Then there's the focus groups he conducts for clients like the BBC. To get honest reactions, Pierpoint records how participants respond to questions while company observers follow the goings-on behind a one-way mirror.
"They'll very often come back with a subtly different interpretation of what went on," says Pierpoint of the observers, "just because they're not picking up on the body language, or spotting the nuances that you do when you're literally two foot from someone."
"So much of what they say is not what they say."
In his efforts to unearth the public's attitudes toward the products and services of big corporations, Pierpoint thinks it's unlikely that even high definition video will let him to do his work from his home in Vancouver. But maybe he could skip out on the odd trip, he says.
Mark Zuberbuhler says more people are choosing to save time and money by staying home. As the manager of Telestudios, a video communications hub at the University of British Columbia, Zuberbuhler says he's seen a definite uptake in large-group videoconferencing in recent months.
Academics delivering papers, architects unveiling designs, non-profits discussing vision statements: users across a broad spectrum have been booking Zuberbuhler's studios, which charge about $140 to $200 an hour for the service and can hold up to 60 people at a time.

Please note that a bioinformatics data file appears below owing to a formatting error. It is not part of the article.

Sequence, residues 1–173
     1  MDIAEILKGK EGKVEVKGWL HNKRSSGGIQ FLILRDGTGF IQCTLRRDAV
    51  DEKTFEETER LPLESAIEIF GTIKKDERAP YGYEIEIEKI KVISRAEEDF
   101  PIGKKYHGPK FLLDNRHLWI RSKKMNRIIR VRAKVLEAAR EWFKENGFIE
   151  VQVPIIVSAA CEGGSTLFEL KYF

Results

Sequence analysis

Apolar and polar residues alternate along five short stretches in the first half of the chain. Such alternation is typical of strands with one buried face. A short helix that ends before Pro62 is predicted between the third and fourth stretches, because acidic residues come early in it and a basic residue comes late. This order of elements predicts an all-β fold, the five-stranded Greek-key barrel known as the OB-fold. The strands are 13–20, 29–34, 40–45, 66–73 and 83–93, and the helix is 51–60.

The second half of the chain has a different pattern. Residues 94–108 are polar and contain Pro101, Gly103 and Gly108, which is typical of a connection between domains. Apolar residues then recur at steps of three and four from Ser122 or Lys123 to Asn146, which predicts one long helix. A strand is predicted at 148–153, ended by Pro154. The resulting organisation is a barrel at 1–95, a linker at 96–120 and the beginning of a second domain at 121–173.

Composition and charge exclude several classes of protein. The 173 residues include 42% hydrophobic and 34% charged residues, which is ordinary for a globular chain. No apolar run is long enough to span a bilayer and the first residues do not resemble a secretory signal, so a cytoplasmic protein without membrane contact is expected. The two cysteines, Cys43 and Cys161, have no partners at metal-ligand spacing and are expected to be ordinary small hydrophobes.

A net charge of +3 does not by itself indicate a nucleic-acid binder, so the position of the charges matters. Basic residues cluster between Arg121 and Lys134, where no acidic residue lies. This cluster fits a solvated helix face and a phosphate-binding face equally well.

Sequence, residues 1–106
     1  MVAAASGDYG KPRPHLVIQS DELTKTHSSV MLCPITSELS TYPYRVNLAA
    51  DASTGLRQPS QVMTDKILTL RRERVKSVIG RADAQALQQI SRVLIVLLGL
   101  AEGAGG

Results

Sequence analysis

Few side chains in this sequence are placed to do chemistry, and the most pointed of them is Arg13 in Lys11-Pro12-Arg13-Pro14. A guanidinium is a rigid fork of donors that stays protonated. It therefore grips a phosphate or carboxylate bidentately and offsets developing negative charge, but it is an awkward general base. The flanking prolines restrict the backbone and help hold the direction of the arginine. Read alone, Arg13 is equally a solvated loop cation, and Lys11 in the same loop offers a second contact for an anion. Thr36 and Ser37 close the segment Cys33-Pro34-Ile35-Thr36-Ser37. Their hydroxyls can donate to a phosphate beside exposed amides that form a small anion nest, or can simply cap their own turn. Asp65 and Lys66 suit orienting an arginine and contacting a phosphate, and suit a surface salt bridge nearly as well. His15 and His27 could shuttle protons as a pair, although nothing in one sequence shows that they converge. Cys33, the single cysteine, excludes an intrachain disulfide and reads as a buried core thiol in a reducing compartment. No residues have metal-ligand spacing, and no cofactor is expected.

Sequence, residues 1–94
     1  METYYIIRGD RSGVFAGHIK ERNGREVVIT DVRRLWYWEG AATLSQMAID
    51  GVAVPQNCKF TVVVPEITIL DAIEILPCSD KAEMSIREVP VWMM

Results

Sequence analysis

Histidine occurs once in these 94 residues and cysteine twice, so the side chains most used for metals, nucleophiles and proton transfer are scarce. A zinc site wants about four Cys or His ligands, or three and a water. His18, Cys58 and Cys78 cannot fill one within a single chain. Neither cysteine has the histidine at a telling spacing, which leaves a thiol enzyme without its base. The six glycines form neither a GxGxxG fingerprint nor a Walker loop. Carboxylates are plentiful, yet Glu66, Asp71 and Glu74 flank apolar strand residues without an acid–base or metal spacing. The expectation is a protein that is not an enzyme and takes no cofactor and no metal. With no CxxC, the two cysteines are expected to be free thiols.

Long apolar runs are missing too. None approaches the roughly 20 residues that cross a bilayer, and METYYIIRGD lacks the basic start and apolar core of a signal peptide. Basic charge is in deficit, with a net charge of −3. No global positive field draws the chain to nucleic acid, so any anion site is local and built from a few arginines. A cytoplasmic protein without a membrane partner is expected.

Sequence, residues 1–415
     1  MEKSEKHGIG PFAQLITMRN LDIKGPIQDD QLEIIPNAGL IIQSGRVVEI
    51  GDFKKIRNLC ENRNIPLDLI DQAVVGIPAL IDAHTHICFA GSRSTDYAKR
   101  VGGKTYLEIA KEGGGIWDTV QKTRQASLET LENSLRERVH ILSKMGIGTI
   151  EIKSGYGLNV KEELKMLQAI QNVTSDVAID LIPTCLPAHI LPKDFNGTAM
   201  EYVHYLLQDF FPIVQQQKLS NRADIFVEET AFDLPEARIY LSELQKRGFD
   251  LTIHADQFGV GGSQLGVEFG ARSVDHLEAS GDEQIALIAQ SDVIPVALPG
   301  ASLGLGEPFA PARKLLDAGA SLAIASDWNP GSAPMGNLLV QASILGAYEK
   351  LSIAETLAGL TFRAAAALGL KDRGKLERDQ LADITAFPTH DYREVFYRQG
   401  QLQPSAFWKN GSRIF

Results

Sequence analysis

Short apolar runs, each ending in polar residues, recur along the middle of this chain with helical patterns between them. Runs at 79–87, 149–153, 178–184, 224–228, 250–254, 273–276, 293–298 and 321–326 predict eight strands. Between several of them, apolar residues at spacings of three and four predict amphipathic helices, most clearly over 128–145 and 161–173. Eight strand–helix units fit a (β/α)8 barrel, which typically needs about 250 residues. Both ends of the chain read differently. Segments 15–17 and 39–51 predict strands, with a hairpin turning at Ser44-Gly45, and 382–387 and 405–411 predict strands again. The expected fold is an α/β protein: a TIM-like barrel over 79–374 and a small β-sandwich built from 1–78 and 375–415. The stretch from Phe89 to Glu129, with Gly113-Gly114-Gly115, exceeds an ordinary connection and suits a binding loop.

Though it's only a short haul, Zuberbuhler himself can't be bothered to make the 20-minute drive from UBC to downtown Vancouver for the company's monthly meetings. Instead, he videoconferences.
Some of the trend is green driven. Bell Canada's website, boasts that "more than 299,900 teleconferences were conducted by our employees in 2005, each averaging 60 minutes and six participants per conference." They calculate the carbon savings at 205,219 metric tons for that year. Video could up those figures.
More than a feeling
Although its seems the hour for video communication is nigh, screens can never fully replace real face to face exchanges.
Vatikiotis-Bateson worked for years on three-dimensional conferencing for a Japanese firm that thought virtual reality systems would be the next big thing. "What they concluded was, 'Who wants a system that simulates proximity, but does not allow you to pour the other guy's beer?' Which is a very big deal in Japanese business and social life."
"Those informal interactions are where the bulk of the decisions are actually made," says Marc-David Seidel, a management professor at UBC's Sauder School of Business. You can't bump into new contacts via video.
Nor is it easy to meet someone and start a relationship screen to screen.
"Initial contact with clients needs to be in person," notes Seidel, citing behavioural studies that show no matter how advanced the technology gets, it will likely always be at a loss as a good medium for first impressions.
Still, Seidel expects the emergence of casual settings like "virtual cocktail hours" will help make video communication seem like an ordinary part of human interaction. Holograms beamed to simulated bars and lounges could stimulate the kind of informal chatter that is key to forging new deals, ideas and relationships, says Seidel.
And of course, when it comes to braving air travel, a lot depends on where your employer wants to send you on business.
"It's kind of human nature you know?" says Bizzocchi "If I had a chance to get a trip to Toronto, I may want to go to Toronto. If it's Hamilton, I might not."